Combining top-down and bottom-up approaches to effectively reduce low-value care

Recently published frameworks include tools and methods one may consider to help guide the design and delivery of more effective de-implementation interventions.9 15 Broad conceptual frameworks recognise that interventions may target system, policy, hospital, practice, provider and patient levels as well as that de-implementation strategies (at whatever level) must lead to provider (and patient) behaviour change.16 17 The Choosing Wisely De-implementation Framework9 is a practical process framework that guides one through the design, evaluation and scale of a de-implementation intervention delivered at any level (individual, system or organisational) to explicitly target behaviour change for the healthcare provider and patient.

When designing initiatives to reduce low-value care, it is important to appreciate that any strategy or component is unlikely to be effective across all quality and safety problems in general.9 Evidence shows that even frequently used components, like audit and feedback,18 academic detailing19 and policy interventions work some of the time but none work all the time, the observed effects are often modest and it is not always clear why the modest change occurred.9 In addition, some barriers faced in de-implementation interventions such as how clinicians handle diagnostic uncertainty may require adaptation or different components.20 Many local, often single-centred context-specific solutions work in one setting but not in other settings, and conversely, without support from clinicians, stand-alone policy interventions risk failure.21 Effective de-implementation initiatives will likely require strategies or components that are delivered from both a top-down (from policy makers, administrators), and bottom-up (support for and from healthcare providers) perspective and require active engagement from all stakeholders to reduce low-value care. For example, a theory and evidence-based de-implementation intervention to reduce low-value routine preoperative testing, containing different strategies delivered to hospital administration as well as healthcare providers, showed a 48% reduction in low-value preoperative tests.9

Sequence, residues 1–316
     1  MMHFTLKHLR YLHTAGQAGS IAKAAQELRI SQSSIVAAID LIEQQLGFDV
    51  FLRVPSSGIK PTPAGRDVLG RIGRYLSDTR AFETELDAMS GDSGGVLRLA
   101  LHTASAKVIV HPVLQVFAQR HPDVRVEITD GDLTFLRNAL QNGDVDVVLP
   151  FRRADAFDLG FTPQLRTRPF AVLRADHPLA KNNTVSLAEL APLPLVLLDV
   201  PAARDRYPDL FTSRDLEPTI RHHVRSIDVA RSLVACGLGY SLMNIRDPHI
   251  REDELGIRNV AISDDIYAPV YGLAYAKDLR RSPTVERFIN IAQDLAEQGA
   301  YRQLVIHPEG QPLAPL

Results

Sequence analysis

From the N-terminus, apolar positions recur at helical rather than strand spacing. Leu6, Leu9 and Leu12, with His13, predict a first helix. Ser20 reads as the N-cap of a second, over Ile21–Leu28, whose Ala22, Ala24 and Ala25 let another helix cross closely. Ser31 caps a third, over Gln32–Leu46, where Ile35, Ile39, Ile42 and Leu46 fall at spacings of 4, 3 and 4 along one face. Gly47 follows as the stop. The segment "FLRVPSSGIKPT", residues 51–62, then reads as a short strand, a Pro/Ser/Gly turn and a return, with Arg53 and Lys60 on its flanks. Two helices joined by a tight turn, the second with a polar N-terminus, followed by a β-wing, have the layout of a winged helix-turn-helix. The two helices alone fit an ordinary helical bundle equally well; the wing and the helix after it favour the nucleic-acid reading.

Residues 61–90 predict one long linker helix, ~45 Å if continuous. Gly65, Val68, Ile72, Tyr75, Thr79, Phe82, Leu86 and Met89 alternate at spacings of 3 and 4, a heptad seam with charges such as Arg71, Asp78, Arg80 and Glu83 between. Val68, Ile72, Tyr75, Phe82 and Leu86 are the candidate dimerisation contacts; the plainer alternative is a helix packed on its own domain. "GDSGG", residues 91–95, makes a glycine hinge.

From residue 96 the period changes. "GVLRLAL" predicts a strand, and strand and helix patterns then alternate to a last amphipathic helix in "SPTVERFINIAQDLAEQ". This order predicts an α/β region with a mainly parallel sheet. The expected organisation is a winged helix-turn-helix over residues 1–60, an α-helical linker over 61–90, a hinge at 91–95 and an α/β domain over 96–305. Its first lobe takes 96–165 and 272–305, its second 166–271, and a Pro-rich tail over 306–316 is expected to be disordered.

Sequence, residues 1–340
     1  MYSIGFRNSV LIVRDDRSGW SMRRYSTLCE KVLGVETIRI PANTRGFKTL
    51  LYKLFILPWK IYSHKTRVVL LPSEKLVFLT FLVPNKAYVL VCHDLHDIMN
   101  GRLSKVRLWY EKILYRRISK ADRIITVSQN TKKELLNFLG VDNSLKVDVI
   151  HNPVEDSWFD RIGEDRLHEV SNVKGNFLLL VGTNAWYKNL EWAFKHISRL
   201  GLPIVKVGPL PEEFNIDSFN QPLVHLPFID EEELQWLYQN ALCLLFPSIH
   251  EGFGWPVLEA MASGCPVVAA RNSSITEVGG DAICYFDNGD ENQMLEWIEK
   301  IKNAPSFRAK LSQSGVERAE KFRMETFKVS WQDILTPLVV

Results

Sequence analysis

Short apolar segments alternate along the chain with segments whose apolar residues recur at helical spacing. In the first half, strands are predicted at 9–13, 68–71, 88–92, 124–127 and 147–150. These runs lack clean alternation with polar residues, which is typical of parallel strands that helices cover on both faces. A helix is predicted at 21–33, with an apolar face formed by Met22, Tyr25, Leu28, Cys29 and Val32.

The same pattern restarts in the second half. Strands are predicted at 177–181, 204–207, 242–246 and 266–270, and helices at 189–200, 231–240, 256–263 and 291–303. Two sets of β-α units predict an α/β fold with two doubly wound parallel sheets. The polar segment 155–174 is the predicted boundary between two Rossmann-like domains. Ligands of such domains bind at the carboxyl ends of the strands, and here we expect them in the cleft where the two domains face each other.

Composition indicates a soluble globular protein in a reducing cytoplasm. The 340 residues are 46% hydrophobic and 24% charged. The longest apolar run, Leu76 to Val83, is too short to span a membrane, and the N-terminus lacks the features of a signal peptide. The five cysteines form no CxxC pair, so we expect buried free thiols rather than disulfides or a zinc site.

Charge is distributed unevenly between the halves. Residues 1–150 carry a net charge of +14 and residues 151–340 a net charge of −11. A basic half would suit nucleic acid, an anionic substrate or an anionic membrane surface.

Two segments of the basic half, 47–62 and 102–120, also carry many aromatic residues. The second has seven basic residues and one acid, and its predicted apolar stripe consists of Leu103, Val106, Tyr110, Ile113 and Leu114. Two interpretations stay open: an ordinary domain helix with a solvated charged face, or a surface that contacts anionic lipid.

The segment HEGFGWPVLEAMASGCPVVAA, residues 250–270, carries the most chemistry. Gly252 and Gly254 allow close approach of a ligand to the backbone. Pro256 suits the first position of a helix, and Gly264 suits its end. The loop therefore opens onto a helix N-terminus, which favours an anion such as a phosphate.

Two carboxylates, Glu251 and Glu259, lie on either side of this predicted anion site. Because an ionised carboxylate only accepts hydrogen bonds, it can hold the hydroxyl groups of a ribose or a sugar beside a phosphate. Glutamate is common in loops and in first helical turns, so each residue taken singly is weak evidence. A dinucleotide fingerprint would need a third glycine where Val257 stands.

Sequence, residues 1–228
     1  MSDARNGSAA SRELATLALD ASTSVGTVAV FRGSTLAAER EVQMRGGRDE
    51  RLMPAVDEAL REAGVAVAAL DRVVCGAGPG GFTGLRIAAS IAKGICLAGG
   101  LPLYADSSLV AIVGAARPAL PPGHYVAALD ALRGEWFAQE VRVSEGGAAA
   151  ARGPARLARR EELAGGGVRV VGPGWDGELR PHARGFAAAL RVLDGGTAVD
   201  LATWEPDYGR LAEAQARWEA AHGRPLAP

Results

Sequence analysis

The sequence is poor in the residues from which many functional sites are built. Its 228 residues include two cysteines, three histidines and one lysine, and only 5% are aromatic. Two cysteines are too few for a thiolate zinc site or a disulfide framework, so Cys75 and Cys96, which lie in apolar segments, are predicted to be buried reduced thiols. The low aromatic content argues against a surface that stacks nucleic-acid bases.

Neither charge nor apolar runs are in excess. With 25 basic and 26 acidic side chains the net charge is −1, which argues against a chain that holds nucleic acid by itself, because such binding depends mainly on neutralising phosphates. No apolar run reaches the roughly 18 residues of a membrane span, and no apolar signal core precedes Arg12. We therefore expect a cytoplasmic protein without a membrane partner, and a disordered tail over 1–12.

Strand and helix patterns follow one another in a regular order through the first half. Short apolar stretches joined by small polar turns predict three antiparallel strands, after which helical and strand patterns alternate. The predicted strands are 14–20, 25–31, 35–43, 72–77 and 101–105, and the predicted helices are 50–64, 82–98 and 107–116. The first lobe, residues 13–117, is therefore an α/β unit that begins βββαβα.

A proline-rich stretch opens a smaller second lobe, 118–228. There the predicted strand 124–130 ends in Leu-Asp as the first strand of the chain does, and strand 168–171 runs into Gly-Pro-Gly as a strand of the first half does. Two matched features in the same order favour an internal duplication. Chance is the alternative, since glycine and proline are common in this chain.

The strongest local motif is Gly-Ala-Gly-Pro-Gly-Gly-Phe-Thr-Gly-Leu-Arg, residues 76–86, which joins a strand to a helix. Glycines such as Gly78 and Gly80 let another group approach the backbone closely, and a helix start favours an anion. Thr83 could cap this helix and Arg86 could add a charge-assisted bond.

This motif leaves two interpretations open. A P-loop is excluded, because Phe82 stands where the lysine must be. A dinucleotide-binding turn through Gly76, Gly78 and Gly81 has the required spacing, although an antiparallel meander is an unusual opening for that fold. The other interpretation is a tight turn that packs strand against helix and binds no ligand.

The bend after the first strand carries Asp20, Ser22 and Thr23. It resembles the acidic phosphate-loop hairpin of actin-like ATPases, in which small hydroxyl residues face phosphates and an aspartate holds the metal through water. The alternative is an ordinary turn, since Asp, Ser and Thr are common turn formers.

While Anderson et al. report on the disappointment that the EBI programme failed to achieve the desired results, they do acknowledge that the programme still represents a major step forward in developing a systematic and transparent approach to identify low-value care requiring de-implementation in England. Drawing lessons learned in this study, and from other disinvestment policy initiatives, it is critical to understand how clinicians, administrators, patients and key stakeholders can be actively engaged to address the social and behavioural sciences factors contributing to low-value care as well as provide clinicians with the necessary resources, training and competencies required to carry out improvement work. Future work can focus on ways to combine concurrent interventions at the macro-, meso-, and micro-system levels. Instead of interventions occurring in siloes, we advocate for a coordinated approach across healthcare sectors to create, implement, measure and evaluate multicomponent, multilevel approaches in partnership with patients, families and front-line clinicians at every step of the process to reduce low-value care.

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  • Twitter @andreapatey, @christinesoong

  • Funding The authors have not declared a specific grant for this research from any funding agency in the public, commercial or not-for-profit sectors.

  • Competing interests None declared.

  • Provenance and peer review Commissioned; internally peer reviewed.